Livingston addresses the Wyoming Farm Bureau meeting about concerns
Cheyenne – “We do have an influence on American Farm Bureau,” said Perry Livingston, president of Wyoming Farm Bureau (WyFB).
Livingston spoke at the Wyoming Farm Bureau Federation 2014 Legislative Meeting in Cheyenne on Feb. 27, giving an update about the meetings he has attended and informing members about upcoming issues that need to be watched.
Livingston attended the American Farm Bureau Federation (AFBF) annual convention that was held in San Antonio, Texas on Jan. 12-15. A total of 373 Farm Bureau delegates were present at the convention, and the Resolutions Committee passed four of the resolutions that Wyoming had submitted.
Livingston also attended an Advisory Committee meeting for Farm Bureau that took place Feb. 9-15 and was assigned to the tobacco committee.
“Surprisingly 67 to 70 percent of tobacco raised in the U.S. is exported all over the world,” described Livingston. “They use American tobacco for flavoring, and its primary use is for cigarettes.”
The exporting of tobacco keeps the American tobacco industry alive and will for years to come, stated Livingston.
“The U.S. is cutting back on their consumption of tobacco all the time, but there’s still a market out there for that product,” he added.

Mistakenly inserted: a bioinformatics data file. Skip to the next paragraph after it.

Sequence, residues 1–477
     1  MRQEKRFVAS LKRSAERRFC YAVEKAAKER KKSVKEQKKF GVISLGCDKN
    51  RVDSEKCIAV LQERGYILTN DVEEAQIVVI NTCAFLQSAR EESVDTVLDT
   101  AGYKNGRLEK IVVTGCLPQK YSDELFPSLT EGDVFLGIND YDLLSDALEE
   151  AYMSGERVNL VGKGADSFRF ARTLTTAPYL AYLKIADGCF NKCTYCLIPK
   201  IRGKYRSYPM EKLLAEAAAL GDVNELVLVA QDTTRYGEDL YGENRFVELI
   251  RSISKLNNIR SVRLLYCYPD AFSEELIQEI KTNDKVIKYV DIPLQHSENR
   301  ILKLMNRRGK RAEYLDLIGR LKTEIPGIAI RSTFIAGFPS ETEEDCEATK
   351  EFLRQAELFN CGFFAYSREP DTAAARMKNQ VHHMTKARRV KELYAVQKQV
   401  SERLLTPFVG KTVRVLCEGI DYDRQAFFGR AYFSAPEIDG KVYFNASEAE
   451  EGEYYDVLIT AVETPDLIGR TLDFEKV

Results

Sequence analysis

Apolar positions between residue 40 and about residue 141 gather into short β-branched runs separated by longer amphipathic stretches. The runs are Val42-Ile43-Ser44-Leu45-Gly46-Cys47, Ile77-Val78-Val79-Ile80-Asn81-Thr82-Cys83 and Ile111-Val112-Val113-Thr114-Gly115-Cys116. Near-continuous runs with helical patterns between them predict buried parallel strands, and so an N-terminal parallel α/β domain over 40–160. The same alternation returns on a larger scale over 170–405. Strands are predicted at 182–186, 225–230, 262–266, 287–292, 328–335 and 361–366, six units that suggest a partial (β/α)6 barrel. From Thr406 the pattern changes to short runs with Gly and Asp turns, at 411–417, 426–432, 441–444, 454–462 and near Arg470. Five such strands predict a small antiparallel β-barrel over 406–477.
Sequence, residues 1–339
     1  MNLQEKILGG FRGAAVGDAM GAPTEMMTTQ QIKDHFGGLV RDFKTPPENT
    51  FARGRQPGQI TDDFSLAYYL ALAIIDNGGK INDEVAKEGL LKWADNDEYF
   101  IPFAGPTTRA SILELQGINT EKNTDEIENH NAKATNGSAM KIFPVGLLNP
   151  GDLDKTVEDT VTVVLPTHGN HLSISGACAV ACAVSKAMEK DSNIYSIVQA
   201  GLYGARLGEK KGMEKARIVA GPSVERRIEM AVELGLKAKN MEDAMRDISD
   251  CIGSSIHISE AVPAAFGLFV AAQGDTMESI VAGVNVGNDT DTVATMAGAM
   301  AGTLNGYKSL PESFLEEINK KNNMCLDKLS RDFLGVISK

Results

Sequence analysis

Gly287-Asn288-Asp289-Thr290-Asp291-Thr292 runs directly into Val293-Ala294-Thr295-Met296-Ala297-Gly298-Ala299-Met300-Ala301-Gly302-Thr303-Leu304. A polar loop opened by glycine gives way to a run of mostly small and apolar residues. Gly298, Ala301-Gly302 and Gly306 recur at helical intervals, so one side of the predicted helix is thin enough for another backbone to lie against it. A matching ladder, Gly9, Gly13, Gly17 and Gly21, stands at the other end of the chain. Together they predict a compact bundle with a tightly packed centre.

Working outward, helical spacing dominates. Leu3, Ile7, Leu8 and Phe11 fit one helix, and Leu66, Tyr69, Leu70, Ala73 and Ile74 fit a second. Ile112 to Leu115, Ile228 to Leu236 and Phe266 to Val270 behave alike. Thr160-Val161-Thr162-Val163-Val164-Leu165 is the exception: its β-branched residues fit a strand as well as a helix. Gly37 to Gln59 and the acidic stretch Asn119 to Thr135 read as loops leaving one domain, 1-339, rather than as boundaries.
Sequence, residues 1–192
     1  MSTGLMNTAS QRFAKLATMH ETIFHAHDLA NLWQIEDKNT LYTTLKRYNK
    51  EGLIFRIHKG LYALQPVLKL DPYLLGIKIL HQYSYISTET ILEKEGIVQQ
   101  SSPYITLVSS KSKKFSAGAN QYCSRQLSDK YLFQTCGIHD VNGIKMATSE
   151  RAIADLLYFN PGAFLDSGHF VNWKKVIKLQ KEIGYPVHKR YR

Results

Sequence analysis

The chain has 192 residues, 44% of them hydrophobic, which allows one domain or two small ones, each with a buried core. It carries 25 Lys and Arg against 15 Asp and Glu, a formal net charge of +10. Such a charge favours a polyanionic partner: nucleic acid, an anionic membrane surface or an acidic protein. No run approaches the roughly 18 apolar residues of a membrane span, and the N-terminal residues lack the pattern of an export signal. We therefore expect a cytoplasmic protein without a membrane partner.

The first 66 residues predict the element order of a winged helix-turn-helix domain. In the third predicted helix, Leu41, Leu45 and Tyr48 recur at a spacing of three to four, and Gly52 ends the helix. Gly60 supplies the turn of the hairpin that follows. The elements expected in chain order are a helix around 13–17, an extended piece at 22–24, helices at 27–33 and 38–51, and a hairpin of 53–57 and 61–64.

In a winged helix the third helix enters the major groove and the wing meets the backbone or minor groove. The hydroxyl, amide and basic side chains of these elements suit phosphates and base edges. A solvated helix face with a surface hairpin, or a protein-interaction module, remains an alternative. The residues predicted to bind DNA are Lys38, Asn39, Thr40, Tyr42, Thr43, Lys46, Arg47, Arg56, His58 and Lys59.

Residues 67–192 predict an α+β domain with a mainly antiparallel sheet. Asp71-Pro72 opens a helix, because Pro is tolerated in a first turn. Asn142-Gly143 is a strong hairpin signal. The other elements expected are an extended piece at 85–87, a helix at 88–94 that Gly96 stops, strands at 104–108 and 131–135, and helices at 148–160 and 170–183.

Livingston also told the WyFB members that the IRS is proposing to modify rules to strengthen the way they review non-profit organizations. The last day for comment was Feb. 26.
“That has a direct effect on Wyoming Farm Bureau,” said Livingston. “Be fore-warned that the IRS is going to take a long hard look at our organization and other non-profit organizations.”
“There is no way to know what their motivation is,” he added.
Livingston also reminded members that last summer the Department of Labor tried to install regulations that would not allow children to work on farms and ranches.
“American Farm Bureau, along with other agriculture organizations around the U.S., put a tremendous amount of pressure on Congress,” reassured Livingston. “Congress, in turn, leaned on the Department of Labor, and last fall, they pulled their regulations.”
“We have to meet federal agencies head on,” stated Livingston. “We have to continue to do that.”
In October 2013, the president of the Oregon Farm Bureau spoke to American Farm Bureau about a petition that was placed on Oregon’s Jackson County ballot that would eliminate the use of genetically modified organisms (GMO) in that county.
“We might think it is not a big deal, but around 90 percent of sugarbeet seed is raised in Jackson County, Oregon,” explained Livingston. “It is very important for Wyoming, Montana and North Dakota.”
WyFB did send money for the campaign to fight the GMO petition.
“It is important that we reach out because there are not a lot of people in that county,” said Livingston. “It’s going to be very important to the state of Wyoming and general agriculture across the U.S.”
“We just have to continue to monitor and keep our eyes open,” said Livingston. “It is imperative that WyFB and American Farm Bureau continue to stand out there in front of the ball and take on the federal government and their agencies that are against private enterprise.”